Before E3 2006 last May, Nintendo kept a lot of details about their upcoming new game console under wraps. It’s clear, however, that the company behind the Wii machine generated far more buzz than the Playstation 3 and Xbox 360 offerings during and after the show. The console’s controller, the projected launch games, the price and the promises of downloadable content all combined to make the Wii’s full debut at E3 a memorable one.
Now, in July, we are only a few months away from the Wii’s formal debut in stores sometime this fall. Nintendo has been fairly quiet about their plans for their console since E3 but we at FiringSquad are going to speculate on the Wii’s chances for success based on our own experiences with the console at show along with comments made by Nintendo personnel and others during and since E3 and our own speculation. Can Nintendo come back from third to first in the US game market?
Before The Wii And E3 2006
Unlike Sony and Microsoft, Nintendo is a company that concentrates its business almost completely on games (with an occasional sideline like the Pokemon phenomenon and its franchise). Indeed at one point in US pop culture, the name “Nintendo” almost became a catch-all noun, like Kleenex. “He’s playing Nintendo” meant that he was playing video games to some people, regardless of what actual platform (Sega, Atari, Etc) he or she was actually playing.
While Nintendo’s Game Boy business cemented their lock on the portable game market (which only the intro of the Sony PSP in 2005 has only somewhat broken), their main console business began to lose market share with the debut of Sony’s first Playstation console in 1995. Nintendo followed with the Nintendo 64 in 1996 but several factors, including diminished third party support and the use of cartridges for N64 games, kept the Nintendo 64 from being the huge success that the PS1 console eventually became, despite some well remembered games for the Nintendo console like Mario 64 and Goldeneye.
Nintendo came back with the Gamecube console (previously code named Dolphin) in 2001 but by then the video game business had changed significantly. Sony had already debuted their PS2 console a year earlier in the US (and even earlier than that in Japan) and Microsoft debuted their original Xbox at the same time as the Gamecube. Nintendo did some things right with their next console. It had a lower price than either of its rivals, and a number of their games were truly memorable, from Metroid Prime to Eternal Darkness to (late in its product life) Resident Evil 4. It also introduced the impressive Wavebird wireless controller, the first such controller from a first party company.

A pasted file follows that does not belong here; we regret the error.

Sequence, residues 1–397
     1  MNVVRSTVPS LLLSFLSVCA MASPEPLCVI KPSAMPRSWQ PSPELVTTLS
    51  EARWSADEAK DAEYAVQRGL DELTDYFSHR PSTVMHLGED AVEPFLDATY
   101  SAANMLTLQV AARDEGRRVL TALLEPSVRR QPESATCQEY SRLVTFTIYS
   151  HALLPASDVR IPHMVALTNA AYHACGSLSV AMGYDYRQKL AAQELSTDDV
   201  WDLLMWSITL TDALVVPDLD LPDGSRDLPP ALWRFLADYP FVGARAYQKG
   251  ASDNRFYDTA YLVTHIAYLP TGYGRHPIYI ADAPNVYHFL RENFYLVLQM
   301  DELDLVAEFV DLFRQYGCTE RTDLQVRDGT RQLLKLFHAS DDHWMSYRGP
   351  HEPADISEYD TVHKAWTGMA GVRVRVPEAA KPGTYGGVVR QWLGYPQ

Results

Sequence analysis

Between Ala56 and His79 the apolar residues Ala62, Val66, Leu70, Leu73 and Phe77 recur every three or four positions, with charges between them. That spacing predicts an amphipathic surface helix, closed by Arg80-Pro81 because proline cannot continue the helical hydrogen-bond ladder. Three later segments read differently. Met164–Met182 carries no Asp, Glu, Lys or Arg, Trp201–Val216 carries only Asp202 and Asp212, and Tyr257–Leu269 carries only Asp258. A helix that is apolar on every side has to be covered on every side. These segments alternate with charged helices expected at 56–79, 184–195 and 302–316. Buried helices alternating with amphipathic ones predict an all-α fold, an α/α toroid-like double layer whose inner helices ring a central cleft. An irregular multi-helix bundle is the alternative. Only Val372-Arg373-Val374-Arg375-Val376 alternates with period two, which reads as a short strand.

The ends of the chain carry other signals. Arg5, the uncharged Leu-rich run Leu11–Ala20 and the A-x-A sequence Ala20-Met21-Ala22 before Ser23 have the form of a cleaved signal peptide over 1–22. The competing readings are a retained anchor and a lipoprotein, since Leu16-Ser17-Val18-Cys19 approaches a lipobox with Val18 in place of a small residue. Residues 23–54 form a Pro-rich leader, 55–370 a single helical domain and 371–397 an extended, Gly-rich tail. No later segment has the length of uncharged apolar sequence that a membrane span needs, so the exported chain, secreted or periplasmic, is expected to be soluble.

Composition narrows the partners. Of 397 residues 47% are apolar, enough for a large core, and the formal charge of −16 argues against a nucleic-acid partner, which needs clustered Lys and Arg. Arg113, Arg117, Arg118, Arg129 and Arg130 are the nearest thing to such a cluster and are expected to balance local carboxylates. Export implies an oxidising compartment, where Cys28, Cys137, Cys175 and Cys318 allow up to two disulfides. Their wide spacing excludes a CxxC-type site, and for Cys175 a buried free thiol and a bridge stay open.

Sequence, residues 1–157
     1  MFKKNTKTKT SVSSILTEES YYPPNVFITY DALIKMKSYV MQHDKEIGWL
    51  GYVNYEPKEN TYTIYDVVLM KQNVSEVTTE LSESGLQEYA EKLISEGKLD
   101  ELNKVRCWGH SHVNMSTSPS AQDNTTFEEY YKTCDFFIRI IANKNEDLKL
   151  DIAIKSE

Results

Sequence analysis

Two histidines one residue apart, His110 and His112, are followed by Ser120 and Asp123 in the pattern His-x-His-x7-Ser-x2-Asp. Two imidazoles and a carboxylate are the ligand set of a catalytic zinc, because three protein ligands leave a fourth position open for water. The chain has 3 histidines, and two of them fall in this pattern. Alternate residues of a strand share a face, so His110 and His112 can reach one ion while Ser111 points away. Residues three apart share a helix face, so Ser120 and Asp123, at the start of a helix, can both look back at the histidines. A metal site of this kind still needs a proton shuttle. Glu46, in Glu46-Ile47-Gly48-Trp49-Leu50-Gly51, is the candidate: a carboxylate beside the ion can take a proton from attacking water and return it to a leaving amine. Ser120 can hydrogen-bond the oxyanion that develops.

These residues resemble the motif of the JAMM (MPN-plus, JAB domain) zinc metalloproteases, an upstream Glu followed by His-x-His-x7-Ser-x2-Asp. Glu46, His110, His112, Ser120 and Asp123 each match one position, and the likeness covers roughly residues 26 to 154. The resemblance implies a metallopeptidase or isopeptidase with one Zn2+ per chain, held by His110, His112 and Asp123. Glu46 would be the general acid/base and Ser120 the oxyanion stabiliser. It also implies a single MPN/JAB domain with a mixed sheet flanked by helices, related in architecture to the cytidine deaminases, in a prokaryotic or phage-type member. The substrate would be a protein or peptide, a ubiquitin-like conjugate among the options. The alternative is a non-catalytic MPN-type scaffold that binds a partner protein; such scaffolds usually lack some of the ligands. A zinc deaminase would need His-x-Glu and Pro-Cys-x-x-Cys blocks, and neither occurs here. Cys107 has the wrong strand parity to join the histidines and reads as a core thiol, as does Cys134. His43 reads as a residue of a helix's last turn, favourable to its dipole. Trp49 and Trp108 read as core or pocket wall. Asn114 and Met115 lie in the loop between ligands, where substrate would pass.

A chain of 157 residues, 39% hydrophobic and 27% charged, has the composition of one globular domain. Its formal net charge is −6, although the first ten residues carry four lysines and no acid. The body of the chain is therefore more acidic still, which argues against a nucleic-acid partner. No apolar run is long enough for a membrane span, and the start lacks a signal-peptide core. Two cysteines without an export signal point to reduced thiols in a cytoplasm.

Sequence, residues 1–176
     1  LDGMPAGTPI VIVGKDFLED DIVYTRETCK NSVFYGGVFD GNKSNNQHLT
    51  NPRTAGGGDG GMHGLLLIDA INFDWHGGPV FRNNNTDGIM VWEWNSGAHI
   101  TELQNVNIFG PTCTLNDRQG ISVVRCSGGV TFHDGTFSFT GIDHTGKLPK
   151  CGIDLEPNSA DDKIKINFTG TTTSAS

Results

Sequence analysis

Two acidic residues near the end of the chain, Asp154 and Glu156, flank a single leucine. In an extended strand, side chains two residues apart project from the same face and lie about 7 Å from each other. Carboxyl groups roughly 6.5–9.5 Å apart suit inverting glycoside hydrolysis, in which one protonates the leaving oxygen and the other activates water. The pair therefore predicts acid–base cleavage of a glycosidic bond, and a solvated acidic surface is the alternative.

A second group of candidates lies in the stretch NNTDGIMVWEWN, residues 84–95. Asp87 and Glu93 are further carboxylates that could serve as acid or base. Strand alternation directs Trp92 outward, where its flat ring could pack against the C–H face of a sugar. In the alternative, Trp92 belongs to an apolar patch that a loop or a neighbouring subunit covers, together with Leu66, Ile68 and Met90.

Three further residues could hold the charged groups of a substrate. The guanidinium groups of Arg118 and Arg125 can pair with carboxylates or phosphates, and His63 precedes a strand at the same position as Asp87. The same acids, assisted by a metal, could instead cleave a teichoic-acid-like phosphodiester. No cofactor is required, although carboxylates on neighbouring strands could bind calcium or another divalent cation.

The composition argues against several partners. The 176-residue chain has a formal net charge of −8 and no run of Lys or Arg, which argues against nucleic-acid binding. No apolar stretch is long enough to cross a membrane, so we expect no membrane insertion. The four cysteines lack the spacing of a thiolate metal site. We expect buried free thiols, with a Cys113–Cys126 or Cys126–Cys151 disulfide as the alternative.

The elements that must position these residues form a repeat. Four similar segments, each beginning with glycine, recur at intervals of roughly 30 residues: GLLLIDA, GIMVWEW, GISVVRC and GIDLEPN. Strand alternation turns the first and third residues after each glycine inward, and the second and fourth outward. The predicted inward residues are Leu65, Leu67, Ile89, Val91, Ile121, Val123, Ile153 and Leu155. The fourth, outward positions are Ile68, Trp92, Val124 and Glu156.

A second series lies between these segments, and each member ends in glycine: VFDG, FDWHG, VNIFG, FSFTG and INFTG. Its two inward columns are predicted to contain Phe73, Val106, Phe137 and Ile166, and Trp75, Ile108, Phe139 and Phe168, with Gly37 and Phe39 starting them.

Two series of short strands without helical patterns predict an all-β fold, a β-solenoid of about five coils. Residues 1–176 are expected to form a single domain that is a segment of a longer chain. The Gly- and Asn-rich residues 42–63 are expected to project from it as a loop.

However, Nintendo didn’t seem prepared for the older game audience that the PS2 and Xbox catered for. With the GTA series for Sony’s machine and the Halo series for Microsoft, the culture had seemingly moved on. While there were and still are an enthusiastic core of hard core Nintendo fans in the US, the audience for the Gamecube was perceived as being for kids in this country. It didn’t help that the launch titles for the Gamecube in the US were sub par (No Zelda, Mario or any other major franchises were to be found on launch day) and that many game publishers decided early on to only release games for the PS2 and Xbox. Finally, while there were dial up and broadband Internet adaptors for the Gamecube, almost no games for the console supported online play which is something that the PS2 and especially the Xbox triumphed in.
By 2004 Nintendo had already announced plans for their next console, which they code named “Revolution”. At their pre-E3 press conference in May 2005, Nintendo execs revealed more details about the console and a first look at the console’s actual casing. Nintendo president Satoru Iwata said it was the smallest console design the company had ever made, comparing it to the size of three DVD cases. At the time, he kept a lot of details secret, including what the controller was going to be like. That lack of detail inspired tons of speculation among Nintendo fans about what the controller would turn out to be (including a few “leaked” pictures and designs on the Internet that turned out to be fakes). At the Tokyo Game Show in September 2005, the controller for the Revolution was finally revealed to be a device that looked much like a TV remote control. Not only was it wireless but the demos at the show (not actual games) showed the controller to give far more degrees of movement than other consoles, from swinging it like a bat to using it like a gun.
Just before E3 2006, Nintendo make perhaps their boldest and most controversial move yet when they decided to designate the name “Wii” as the official name of their new console. Internet message boards and journalists’ editorials both said that the name was awful and indeed Nintendo of America VP of Marketing (now President) Reggie Fils-Aime joked at the E3 2006 Nintendo press conference that he wanted to thank all of the people who wrote in to say they liked the name, “All two of you.”